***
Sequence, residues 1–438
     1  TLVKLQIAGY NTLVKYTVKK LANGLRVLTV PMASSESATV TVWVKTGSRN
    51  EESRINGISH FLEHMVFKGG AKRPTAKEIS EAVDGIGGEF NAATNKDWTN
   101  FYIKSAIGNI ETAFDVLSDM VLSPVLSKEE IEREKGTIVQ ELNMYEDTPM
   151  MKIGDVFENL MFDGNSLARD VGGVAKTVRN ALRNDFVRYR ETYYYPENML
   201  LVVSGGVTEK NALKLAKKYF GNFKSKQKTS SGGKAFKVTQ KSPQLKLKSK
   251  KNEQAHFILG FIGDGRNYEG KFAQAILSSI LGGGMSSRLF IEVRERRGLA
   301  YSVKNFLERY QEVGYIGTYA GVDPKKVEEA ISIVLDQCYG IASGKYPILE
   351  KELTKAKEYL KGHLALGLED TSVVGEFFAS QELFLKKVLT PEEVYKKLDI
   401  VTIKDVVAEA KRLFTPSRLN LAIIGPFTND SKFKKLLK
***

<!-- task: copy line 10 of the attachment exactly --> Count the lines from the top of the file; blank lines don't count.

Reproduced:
   401  VTIKDVVAEA KRLFTPSRLN LAIIGPFTND SKFKKLLK